As for Walter Butt who the plant is named after, he was the former owner of E Bertram Anderson’s house in Porlock.  Anderson (1885-1971), a distinguished plantsman,  worked as a chemist and bacteriologist before retiring to Porlock in Somerset. He was a founder member of the RHS Joint Rock Garden Plant Committee which first met in 1936. Other members included E A Bowles and Walter Ingerswen both with huge reputations in the alpine and bulb worlds and reading the article about Anderson in the RHS ‘The Plantsman’ (Dec 2010) it is clear that Anderson was one of those plantsmen who seemed to have been part of a cycle of eminent horticulturists all sharing information and plants. Anderson is well known for  his raising of the beautiful Iris ‘Katherine Hodgkin’ (Katherine Hodgkin was the wife of his friend Elliot Hodgkin). He was also responsible for raising Galanthus ‘John Gray’ and Galanthus ‘Mighty Atomas well as collaborating with Helen Ballard in the raising of new hellebores and numerous other plants.

Going back to my iris, Anderson considered it as ‘noteworthy because of its size, very pale lavender flowers, almost white in the sun, and its strong perfume’ a description I completely agree with – indeed it is a real treat.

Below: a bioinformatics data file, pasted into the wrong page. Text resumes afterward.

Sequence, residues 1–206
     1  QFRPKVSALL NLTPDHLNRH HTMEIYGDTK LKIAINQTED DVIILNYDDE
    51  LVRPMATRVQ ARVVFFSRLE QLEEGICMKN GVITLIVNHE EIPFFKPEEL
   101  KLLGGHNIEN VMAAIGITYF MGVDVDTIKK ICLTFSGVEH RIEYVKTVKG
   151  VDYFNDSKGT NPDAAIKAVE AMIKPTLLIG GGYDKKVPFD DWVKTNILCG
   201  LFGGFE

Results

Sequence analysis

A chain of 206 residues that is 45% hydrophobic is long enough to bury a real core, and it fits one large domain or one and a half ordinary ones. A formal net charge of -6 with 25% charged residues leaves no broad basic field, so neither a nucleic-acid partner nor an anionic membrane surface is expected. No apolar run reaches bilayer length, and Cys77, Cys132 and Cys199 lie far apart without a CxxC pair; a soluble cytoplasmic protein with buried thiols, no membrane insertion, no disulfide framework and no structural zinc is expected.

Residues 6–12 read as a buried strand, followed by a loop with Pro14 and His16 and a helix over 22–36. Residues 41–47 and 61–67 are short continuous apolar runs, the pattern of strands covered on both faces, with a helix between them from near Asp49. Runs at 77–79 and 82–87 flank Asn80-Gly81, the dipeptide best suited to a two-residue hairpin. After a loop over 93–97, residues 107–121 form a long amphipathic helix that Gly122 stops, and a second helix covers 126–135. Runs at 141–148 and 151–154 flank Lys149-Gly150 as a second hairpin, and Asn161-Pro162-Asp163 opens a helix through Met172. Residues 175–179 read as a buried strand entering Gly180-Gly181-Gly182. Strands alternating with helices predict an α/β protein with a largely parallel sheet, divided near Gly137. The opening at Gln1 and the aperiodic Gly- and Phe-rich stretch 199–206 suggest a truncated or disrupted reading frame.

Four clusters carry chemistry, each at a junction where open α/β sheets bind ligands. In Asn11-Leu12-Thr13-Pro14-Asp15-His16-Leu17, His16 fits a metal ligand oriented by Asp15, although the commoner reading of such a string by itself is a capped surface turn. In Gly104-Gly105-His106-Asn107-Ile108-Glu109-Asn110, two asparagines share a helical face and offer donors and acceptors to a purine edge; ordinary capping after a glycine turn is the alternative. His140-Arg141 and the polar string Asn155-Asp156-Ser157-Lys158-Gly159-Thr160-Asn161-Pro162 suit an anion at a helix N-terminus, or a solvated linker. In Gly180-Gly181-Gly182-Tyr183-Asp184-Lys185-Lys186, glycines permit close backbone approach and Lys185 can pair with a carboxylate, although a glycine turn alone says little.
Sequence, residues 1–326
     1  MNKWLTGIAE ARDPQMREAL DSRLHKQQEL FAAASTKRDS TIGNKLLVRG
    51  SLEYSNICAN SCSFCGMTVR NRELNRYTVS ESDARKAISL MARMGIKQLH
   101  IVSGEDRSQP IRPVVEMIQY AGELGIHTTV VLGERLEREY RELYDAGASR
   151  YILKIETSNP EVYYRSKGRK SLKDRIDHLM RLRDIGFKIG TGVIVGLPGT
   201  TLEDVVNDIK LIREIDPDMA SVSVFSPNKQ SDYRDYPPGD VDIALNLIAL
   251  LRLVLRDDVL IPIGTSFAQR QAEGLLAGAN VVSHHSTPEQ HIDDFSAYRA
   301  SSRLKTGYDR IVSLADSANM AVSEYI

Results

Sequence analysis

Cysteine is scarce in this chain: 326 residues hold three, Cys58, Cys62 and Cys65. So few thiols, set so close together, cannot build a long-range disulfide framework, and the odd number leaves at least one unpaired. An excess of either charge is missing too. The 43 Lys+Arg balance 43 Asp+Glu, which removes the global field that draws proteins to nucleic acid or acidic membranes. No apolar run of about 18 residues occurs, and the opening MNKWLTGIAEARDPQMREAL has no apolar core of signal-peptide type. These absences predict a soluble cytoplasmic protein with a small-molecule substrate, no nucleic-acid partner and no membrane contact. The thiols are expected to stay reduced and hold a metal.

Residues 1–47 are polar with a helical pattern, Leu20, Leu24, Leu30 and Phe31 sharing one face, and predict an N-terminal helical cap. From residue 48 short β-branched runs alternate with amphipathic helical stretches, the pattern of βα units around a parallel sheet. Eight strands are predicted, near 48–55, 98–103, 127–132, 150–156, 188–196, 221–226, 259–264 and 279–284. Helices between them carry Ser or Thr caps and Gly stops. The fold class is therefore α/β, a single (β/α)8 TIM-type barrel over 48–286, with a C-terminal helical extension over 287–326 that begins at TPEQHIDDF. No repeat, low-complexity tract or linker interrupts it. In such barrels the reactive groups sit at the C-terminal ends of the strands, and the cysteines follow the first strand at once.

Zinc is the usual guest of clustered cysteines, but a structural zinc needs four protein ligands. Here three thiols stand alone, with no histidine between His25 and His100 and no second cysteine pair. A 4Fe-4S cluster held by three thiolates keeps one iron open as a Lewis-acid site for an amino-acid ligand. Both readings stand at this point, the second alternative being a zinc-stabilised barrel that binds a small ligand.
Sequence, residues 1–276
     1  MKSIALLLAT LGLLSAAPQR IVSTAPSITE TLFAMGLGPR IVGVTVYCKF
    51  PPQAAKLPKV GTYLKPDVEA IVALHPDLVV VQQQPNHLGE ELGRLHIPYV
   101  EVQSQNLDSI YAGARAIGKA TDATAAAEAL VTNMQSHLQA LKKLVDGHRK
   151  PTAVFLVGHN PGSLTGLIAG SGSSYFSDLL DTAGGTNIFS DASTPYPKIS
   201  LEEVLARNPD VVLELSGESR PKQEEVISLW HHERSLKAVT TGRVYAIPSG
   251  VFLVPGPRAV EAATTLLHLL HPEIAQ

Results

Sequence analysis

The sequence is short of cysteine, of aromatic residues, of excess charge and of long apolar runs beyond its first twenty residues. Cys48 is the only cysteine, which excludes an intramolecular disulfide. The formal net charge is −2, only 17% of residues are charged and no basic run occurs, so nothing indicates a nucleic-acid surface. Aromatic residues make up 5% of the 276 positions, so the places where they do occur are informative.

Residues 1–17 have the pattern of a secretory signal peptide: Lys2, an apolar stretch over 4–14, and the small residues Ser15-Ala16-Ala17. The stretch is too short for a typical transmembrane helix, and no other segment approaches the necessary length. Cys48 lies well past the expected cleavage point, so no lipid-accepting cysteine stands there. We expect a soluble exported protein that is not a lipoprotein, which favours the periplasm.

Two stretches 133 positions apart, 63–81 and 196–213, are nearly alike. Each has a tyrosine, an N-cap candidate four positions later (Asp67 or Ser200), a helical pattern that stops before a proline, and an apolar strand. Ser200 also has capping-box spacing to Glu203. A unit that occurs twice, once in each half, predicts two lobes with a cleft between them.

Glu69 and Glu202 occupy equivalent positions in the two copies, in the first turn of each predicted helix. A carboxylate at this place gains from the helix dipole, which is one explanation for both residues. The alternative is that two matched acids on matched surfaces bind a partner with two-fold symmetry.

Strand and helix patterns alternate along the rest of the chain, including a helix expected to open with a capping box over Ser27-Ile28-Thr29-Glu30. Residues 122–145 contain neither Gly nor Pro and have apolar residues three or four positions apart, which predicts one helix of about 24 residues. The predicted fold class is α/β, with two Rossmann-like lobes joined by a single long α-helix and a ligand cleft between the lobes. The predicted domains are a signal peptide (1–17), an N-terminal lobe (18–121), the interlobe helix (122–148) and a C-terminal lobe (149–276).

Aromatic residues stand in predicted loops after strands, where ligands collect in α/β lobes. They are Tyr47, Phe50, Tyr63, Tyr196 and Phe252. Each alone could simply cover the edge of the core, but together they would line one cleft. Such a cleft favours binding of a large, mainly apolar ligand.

End of Month View – October 2015

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October has been a kind month to this gardener.  We have had generally dry weekends with milder temperatures than normal allowing me to spend some quality time in the garden.  My efforts have been small but widespread and really have been little more than planting out bulbs and some perennials.  I have spent as much time looking, peering and pondering.

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As you can see the Field Maple, I think that is what the tree is, is dropping its leaves.  There were nearly as many a week ago and the tree has still more to drop.  I love autumn leaves; they always take me back to my childhood  and jumping into large piles of beech leaves in my parents’ garden.  But I can’t leave these leaves as they make the steps too hazardous.  I also don’t agree with the whole slow gardening approach which argues that you should leave the leaves in borders etc to rot down and feed the soil just as happens in nature.  This does not take into account that we, well I, garden my garden more intensively than happens in nature and the decaying leaves act as an overwinter home for all sorts of slugs and pests.  It always amuses me that those who extol the virtues of slow gardening loudest are also the ones who complain most about slugs!